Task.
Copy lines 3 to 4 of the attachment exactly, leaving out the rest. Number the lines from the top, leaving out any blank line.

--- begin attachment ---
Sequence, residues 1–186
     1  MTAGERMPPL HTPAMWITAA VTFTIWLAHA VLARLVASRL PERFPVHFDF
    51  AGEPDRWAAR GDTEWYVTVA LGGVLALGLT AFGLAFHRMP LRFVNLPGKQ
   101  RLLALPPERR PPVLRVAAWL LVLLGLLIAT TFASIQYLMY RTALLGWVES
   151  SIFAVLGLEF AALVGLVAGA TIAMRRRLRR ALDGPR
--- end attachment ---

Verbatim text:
    51  AGEPDRWAAR GDTEWYVTVA LGGVLALGLT AFGLAFHRMP LRFVNLPGKQ
   101  RLLALPPERR PPVLRVAAWL LVLLGLLIAT TFASIQYLMY RTALLGWVES